updated - July 8, 2020 Wednesday EDT
Running a business smoothly can be a challenge, considering the complexities of managing operations, fighting out the competition and handling taxes and regulations. The last thing you would want to deal with is a lawsuit. However, avoiding legal hassles is easier said than done because you may find yourself in trouble for one reason or the other. The issues may range from employee injuries to client disputes and copyright infringement. There may be criminal proceedings for fraud, tax evasion, and sexual harassment. Whatever kind of a lawsuit you may face, it is always a threat to business continuity, whether you are guilty or just implicated wrongly. It is important to understand your protective options so that you can handle lawsuits properly and prevent them from hampering your business operations. Here is some useful advice in this context.
Be aware of what may implicate you
When it comes to white-collar crime, both businesses and individuals can be convicted. Though businesses cannot be sent to jail, they may face penalties in the form of fines and revoking of their license. Further, they may lose their reputation due to bad words. As a business operates through its owners, employees, and directors, the actions of these individuals implicate the business for a crime. An individual may be charged with a white-collar crime in personal capacity or in context with their employment. The second case results in criminal charges against the business entity.
Watch everything you say or do
Obviously, the image and reputation of a business depend on the actions of the owners and their employees. As an owner or employee, you need to be careful about everything you say and do. Apart from intentional fraud or wrong actions like sexual harassment, there could be some criminal acts that you may do unknowingly or unintentionally. For example, making any potentially slanderous public announcements or conducting any questionable business activity can land you in trouble. Even doing business with unscrupulous individuals can put you in a fix. As a rule, you should be careful about every word and action.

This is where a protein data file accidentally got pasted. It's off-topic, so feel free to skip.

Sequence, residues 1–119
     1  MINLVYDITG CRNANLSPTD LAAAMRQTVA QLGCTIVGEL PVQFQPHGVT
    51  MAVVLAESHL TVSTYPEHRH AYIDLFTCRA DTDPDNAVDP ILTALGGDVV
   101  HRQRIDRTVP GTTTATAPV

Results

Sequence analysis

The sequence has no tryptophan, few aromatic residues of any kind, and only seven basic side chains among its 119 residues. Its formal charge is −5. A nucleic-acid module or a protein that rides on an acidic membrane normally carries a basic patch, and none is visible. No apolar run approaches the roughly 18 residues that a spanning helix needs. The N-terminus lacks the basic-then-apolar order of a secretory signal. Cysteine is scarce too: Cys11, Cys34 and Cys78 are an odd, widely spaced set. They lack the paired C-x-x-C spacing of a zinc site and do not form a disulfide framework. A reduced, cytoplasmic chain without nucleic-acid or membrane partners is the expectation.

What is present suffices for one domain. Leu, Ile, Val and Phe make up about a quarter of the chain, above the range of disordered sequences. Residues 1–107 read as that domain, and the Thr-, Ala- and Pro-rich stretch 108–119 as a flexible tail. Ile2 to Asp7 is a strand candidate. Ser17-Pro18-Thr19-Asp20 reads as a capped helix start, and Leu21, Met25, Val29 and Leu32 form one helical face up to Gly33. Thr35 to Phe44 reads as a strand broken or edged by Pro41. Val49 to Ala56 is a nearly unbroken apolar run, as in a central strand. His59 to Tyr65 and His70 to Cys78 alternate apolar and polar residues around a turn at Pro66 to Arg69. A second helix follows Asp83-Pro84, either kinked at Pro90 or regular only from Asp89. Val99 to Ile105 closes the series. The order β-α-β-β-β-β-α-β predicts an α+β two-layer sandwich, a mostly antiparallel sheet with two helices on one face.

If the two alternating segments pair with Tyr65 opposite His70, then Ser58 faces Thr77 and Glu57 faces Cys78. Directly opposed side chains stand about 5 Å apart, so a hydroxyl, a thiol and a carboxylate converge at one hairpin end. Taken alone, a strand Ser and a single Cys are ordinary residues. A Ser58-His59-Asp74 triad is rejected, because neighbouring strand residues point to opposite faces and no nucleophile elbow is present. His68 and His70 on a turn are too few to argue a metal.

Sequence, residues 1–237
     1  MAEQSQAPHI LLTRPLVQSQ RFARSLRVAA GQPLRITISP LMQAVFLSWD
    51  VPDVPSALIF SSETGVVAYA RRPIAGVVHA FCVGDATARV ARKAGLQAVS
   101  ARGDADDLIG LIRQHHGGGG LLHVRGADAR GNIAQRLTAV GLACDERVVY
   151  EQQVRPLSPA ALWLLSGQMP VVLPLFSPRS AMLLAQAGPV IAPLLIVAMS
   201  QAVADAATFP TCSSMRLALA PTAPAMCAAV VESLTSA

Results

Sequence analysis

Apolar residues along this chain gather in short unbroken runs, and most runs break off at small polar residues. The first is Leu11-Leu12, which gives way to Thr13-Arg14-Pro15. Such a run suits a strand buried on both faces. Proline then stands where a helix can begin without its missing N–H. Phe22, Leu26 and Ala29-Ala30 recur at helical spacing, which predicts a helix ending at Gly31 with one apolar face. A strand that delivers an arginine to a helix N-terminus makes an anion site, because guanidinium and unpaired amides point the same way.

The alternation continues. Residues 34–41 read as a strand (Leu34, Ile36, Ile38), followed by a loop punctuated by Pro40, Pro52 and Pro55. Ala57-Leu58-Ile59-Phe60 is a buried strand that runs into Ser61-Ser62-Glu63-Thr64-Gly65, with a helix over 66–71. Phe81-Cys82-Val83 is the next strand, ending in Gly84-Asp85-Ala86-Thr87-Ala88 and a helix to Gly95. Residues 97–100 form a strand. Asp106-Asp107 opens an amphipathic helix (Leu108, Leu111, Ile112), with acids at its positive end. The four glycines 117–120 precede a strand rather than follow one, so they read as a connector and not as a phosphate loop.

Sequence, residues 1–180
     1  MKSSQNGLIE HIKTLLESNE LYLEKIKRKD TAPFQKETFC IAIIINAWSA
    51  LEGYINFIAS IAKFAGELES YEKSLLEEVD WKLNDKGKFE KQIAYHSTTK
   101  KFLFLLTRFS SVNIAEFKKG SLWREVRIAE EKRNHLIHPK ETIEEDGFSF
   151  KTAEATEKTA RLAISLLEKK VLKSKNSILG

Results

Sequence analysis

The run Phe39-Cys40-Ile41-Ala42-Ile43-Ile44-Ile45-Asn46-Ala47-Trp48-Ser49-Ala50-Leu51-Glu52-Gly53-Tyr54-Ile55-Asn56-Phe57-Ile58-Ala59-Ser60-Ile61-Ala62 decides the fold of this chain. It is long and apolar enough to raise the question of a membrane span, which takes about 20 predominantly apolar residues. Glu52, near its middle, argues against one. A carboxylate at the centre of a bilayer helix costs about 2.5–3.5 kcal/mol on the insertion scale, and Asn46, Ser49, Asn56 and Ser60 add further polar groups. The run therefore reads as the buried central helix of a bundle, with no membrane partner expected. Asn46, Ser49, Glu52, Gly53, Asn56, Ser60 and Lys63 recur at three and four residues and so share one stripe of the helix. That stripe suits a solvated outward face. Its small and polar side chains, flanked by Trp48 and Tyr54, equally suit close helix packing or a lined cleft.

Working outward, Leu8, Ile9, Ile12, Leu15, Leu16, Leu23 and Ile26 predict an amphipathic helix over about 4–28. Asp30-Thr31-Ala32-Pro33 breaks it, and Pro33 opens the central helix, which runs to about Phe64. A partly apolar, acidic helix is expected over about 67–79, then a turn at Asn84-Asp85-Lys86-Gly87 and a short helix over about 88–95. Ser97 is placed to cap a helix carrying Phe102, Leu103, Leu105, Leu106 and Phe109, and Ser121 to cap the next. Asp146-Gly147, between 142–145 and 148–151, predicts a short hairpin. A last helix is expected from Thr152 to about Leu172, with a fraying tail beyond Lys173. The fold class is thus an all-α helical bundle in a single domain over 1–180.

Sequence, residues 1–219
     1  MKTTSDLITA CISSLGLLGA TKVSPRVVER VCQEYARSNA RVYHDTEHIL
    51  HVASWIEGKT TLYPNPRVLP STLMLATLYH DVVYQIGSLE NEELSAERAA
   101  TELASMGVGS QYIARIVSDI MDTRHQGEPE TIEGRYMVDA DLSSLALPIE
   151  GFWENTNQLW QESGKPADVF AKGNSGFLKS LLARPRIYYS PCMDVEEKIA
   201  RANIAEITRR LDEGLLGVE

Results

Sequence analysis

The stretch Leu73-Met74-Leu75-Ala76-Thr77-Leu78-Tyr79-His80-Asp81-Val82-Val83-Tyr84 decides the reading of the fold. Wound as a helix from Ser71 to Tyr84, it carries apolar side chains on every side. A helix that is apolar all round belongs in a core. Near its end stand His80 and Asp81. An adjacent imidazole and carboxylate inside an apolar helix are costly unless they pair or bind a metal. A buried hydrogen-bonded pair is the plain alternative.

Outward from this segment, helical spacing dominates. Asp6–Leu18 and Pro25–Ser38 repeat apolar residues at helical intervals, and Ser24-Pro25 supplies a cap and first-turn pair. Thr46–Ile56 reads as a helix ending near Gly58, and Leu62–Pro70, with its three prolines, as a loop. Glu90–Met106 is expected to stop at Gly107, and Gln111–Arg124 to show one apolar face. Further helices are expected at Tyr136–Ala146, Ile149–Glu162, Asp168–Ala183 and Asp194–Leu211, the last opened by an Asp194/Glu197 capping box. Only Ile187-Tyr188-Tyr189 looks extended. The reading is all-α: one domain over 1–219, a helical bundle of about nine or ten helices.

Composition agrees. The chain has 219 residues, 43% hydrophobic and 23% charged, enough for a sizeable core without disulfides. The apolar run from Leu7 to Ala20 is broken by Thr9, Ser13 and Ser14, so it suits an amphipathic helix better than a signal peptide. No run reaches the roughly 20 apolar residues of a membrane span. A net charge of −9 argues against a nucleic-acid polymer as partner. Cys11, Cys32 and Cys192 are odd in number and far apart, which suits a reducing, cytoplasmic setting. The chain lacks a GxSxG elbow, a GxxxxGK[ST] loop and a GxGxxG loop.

Hire a competent lawyer
As a part of your legal defense strategy, you should have a standby legal counsel right from the start. It makes sense to have an attorney with proper knowledge of the local laws in the area of business operations. Having someone on a retainer model is a good idea because they can guide you before you act and spring into action if a lawsuit comes up at any point in time. According to Scott Dattan a criminal defense attorney in Anchorage AK, you should be quick to consult a defense lawyer even if you suspect that your business is being investigated for a criminal issue such as fraud. And you would definitely need one to represent you in the court if you are sued.
Know when to you are being investigated
It may be hard to know whether your business is the subject of a criminal investigation at any time. It may have come into the radar of an ongoing investigation but the authorities may have not contacted you yet. You will eventually learn that you are under the lens but it always helps to know sooner rather than later so that you can take swift action in defense. A law enforcement official will probably reach out to you personally, through writing or over the phone in the context of the investigation. They may try asking questions but it is best not to answer without the advice of a criminal defense lawyer. You may receive a target letter from a federal prosecutor informing you about a federal investigation. In that case, too, you must call a lawyer immediately.
Understand the right action
The one and the only way to deal with a criminal charge is to have a seasoned lawyer helping you with defense. So you must contact one as soon as you learn that you are a suspect or under investigation. Never speak or answer any questions of the investigators unless your legal counsel is present. Anything you speak or even lie can be used against you as evidence in the court. Even if you are innocent, you must still avoid saying anything because the prosecutor may use it to build a case against you.
Whether or not you are guilty, do not tamper with any piece of evidence. Avoid deleting emails or text messages or destroying paperwork even in the normal course of business because these may be of help to the case later. Be sure to seek guidance from your lawyer throughout the case.
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